Quote of the day: I’d rather be a failure at something I love than a success at something I hate. ~ George Burns


In typical DC fashion, the government and schools were closed today. Frankly any threat of snow causes panic in our region. I had the pleasure of walking Sunny and I can attest to the fact that the side walks were like ice skating rinks. Because of the ice, I landed up walking in the snow banks. So I felt like I got a work out as it isn't easy trudging through 7 inches of snow for close to 3 miles.

I would like to share the Mattie Miracle 10th Anniversary video with you. I have been working on it for two weeks. I can't tell you the journey I have been on to find the right song that plays in the background of the video. I wanted something that did not sound solemn (as we are celebrating the Foundation and its achievements), but I also felt a happy song wouldn't do either. Especially given the content we are highlighting and of course why the Foundation was created to begin with. 


Initially I created this video to show to teenagers, as we are presenting at Mattie's school on January 22. However, as I was developing this video, it dawned on me..... this video should have multiple purposes. It isn't just for this presentation, which is why the video evolved into our 10th anniversary video. The goal of this video was to explain our mission and highlight how we go about achieving it. I would say it does this well, and one thing I learned from our November 2018 - Bourbon & Bites Bash, and that is, not all of our supporters know what we do. Therefore, I think having access to this four minute video will help with our current supporters as well as making new Foundation friends.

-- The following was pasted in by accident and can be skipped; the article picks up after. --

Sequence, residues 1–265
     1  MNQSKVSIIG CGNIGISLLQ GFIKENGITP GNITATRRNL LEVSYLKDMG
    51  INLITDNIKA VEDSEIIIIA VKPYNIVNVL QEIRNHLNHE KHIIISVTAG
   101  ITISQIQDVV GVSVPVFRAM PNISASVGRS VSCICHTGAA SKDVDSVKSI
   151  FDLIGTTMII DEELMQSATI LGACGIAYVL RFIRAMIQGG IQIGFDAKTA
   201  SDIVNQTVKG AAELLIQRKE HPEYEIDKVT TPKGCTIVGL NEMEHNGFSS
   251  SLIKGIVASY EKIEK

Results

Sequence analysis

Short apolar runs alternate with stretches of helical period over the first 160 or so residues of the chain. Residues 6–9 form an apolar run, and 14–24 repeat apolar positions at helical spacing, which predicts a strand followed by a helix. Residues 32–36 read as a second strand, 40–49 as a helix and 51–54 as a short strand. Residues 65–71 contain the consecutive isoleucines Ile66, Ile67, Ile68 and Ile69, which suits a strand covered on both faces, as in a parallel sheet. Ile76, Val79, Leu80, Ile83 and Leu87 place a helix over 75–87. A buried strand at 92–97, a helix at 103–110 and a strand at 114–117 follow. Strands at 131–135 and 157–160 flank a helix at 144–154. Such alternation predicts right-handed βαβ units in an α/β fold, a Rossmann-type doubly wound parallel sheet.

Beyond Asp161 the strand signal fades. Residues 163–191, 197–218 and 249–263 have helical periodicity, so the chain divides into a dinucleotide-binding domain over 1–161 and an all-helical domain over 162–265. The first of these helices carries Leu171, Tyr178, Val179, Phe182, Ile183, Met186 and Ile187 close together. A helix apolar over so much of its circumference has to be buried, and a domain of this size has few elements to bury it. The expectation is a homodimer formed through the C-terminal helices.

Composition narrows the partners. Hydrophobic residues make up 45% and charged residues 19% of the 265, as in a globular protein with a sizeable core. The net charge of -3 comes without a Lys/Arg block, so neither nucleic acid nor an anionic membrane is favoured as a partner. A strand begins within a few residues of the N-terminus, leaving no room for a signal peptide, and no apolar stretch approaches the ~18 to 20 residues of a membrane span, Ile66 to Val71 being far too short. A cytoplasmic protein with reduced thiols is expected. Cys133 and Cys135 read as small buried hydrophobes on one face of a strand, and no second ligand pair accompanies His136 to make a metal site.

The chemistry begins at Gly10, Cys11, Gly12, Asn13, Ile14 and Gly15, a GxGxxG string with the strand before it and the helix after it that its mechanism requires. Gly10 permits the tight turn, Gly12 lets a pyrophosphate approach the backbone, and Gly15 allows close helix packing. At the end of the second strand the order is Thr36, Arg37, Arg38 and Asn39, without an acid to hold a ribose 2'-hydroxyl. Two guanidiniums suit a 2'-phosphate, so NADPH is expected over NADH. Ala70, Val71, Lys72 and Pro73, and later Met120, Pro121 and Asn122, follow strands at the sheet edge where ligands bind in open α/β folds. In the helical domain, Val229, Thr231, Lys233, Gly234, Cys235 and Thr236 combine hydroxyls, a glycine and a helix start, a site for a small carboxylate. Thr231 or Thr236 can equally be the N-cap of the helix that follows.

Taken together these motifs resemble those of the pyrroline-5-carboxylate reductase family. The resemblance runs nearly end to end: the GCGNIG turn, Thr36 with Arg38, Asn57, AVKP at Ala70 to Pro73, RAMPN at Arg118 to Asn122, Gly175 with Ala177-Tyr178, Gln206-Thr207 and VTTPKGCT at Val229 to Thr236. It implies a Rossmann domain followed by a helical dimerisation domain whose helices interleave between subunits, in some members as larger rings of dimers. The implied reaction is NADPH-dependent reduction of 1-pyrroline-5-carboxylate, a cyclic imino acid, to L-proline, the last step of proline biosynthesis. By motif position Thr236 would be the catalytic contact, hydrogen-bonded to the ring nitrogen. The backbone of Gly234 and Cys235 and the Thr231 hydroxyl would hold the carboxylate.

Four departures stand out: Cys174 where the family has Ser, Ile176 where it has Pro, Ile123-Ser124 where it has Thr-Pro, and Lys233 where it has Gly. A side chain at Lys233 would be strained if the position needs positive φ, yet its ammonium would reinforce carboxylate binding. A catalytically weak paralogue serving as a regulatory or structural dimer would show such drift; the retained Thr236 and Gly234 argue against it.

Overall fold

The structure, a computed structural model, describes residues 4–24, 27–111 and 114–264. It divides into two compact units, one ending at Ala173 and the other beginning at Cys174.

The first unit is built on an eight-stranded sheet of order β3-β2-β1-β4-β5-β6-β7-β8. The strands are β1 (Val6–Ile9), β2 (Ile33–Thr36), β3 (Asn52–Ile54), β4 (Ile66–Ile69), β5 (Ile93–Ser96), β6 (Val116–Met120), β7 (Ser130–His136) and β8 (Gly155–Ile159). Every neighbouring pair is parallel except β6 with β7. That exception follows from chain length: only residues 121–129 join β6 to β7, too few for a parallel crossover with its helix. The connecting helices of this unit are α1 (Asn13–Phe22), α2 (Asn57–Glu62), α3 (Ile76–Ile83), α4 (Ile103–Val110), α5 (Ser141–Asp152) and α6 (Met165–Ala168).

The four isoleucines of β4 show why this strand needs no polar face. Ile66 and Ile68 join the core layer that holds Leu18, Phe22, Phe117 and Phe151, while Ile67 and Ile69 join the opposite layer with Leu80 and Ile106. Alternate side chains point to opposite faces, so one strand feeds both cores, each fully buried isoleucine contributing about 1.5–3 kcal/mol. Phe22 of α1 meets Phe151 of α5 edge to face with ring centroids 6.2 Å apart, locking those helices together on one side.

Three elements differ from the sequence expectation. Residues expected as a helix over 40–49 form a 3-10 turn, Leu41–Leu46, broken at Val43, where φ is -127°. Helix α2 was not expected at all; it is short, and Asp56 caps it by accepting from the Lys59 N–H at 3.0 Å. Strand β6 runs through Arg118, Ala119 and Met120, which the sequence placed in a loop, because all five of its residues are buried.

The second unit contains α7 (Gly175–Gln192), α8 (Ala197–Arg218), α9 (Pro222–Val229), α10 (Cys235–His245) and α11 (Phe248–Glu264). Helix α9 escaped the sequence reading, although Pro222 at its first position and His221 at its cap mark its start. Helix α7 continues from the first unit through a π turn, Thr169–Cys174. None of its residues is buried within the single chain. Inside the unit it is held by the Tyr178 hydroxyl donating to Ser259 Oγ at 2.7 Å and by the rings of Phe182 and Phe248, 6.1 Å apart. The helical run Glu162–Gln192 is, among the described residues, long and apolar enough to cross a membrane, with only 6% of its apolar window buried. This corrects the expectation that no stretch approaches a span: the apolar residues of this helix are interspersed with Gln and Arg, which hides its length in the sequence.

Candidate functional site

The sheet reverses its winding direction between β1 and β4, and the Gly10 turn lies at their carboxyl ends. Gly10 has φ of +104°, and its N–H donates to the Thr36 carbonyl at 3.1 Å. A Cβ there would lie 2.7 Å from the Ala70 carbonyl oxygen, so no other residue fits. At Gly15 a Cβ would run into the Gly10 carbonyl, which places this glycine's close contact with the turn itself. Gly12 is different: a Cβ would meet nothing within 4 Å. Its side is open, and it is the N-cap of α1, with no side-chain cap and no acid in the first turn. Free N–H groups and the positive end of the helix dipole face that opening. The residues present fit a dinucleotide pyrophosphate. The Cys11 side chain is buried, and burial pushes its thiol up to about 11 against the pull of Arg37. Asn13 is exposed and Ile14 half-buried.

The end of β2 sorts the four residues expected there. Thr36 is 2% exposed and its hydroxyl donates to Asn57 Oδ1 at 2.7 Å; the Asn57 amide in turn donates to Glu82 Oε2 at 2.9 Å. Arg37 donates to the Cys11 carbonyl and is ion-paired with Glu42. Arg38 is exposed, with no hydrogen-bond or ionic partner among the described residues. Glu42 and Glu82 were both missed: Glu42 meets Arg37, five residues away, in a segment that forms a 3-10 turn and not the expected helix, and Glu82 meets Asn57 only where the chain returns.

https://www.youtube.com/watch?v=l13RgECGmls

January 13, 2019

Sunday, January 13, 2019

Sunday, January 13, 2019

Tonight's picture was taken in January of 2005. I had wanted to do a holiday themed activity for Mattie's preschool class. When I mentioned this to Margaret, Mattie's teacher, she suggested I wait until January and then do gingerbread houses with the kids. Sounded good in theory, but I never made a gingerbread house before from scratch. So I had a steep learning curve, along with making royal icing, purchasing candy and so forth. I landed up making two houses for the classroom and the kids had a ball. In fact, all the classrooms at the school got to come in and participate. Mattie got to take the houses home with him, and you can see that made him happy. 


Quote of the day: Snowflakes are one of nature's most fragile things, but just look what they can do when they stick together. Vista M. Kelly



It has been snowing in Washington, DC since yesterday. It is still coming down this evening. I am grateful that Peter took Sunny out yesterday and today. Sunny doesn't seem to mind the cold or the snow. Unlike me! 

Notice what Sunny was up to.... looking for squirrels! As if it was any routine day. 
The streets and sidewalks appear to be a mess around us, which will make for an interesting start to the work week. 
Peter tells me people were walking in the streets, because the sidewalks were a mess. 
Sunny was walking on a sidewalk. Or what used to be a sidewalk. 
I spent the entire weekend working on Mattie Miracle's 10th anniversary video. In addition, I am trying to brainstorm how to do our Foundation presentation at Mattie's school on January 22. Given this is not an age group I am comfortable working with, it makes the planning of this presentation difficult.